Home Offices: Good for Broker, Good for Salespeople

Home office-based broker encourages the same for salespeople.

May 1, 1999

For each of Van Deeb's professional hats--owner-broker and salesperson—the Omaha-based practitioner maintains a separate office. When he's in "Johnny salesperson" mode, Deeb works from home, where he can focus on his numbers. A big believer in the productivity that solitude inspires, he has worked from a home office since 1981, well before it was fashionable.

1998 Production: About $12 million in residential sales. The company did about $25 million last year.

Home office size: 10' x 13'. "I use my fourth bedroom, next to the master bedroom," he says. "If I get a business call late at night I can tiptoe into next room."

His technology must haves:

Total set up cost: $5,000, plus $50 a month for Internet charges

When Deeb's in broker mode, he works from his a 10-desk office or what he likens to a docking station, for plugging in laptops and meeting clients. He opened it after his company grew from a single-person business six years ago to a 14-salesperson shop. He checks in there once a day to drop off checks and important state and local association information in salespeople's boxes.

Deeb figures that as the company grows, the 10 desks could easily accommodate 50 mobile salespeople rotating in at different times. But 10 desks keep the overhead low. “My salespeople have no office fees. They're not burning my lights. I give them good commission. And they don't pay for signs, riders, lockboxes, or their first order of business cards. They may have to sell 40 houses at another company to make the same money they'd make here selling 20."

Deeb dispenses his work-from-home philosophy to his salespeople as well. He encourages them to set up their home offices—they all have one--and requires them to buy a cell phone and pager. "I ask that they give their cell phone number to customers, because it's better customer service," he says. "Then customers have the salesperson's direct line. When you're a small outfit you've got to offer something that's better than other companies—namely service."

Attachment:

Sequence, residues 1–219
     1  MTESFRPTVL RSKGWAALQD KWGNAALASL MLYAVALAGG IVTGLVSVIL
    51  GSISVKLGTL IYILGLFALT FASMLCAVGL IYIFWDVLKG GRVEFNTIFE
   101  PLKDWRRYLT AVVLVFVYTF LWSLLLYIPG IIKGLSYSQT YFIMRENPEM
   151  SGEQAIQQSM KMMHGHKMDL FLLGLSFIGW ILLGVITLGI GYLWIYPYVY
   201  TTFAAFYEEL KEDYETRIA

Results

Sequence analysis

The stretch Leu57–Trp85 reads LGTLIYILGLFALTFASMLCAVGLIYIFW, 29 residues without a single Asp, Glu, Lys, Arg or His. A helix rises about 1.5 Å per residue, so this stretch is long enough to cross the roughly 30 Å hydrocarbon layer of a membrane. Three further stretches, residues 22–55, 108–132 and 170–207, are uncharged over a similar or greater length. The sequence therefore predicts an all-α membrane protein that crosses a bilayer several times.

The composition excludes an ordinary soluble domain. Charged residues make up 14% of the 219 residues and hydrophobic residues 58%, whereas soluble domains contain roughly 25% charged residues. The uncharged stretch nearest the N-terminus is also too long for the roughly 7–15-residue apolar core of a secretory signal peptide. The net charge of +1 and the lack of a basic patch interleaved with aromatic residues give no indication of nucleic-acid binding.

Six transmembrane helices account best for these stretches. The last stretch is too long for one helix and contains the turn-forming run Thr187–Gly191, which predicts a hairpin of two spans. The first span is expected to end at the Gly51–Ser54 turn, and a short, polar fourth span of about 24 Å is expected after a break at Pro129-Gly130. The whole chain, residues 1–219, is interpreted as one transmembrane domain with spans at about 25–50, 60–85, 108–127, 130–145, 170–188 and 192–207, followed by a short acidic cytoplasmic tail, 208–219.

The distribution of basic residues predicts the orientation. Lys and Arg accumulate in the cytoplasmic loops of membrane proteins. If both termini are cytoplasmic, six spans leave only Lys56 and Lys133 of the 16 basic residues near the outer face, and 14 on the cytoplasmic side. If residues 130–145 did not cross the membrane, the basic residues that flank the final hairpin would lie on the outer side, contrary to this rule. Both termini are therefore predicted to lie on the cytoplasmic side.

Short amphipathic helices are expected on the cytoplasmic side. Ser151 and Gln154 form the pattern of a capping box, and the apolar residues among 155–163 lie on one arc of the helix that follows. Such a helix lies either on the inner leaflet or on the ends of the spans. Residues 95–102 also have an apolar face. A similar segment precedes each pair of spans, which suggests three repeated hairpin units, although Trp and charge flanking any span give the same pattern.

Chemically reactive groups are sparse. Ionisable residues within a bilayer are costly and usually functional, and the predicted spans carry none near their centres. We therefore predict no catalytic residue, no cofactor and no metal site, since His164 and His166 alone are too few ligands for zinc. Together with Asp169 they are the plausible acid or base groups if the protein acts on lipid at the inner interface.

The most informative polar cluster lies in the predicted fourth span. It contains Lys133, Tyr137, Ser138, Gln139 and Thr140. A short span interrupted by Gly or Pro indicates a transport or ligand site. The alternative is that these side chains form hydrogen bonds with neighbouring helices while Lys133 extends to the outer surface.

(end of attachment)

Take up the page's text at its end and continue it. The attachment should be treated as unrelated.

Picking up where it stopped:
Christina Hoffmann
Senior Speech Writer

Christina Hoffmann has covered real estate and homeownership for two decades, including as REALTOR® Magazine managing editor and HouseLogic.com’s content manager, with added expertise as owner of a demanding 100-year-old house. She is currently a senior speech writer at NAR.

Notice: The information on this page may not be current. The archive is a collection of content previously published on one or more NAR web properties. Archive pages are not updated and may no longer be accurate. Users must independently verify the accuracy and currency of the information found here. The National Association of REALTORS® disclaims all liability for any loss or injury resulting from the use of the information or data found on this page.

Related

Residential Styles & Structural Elements

Cross Gable

Cross gable roofs have two or more gable rooflines that intersect. A house with a basic gable roof will have a rectangular shape, but a house...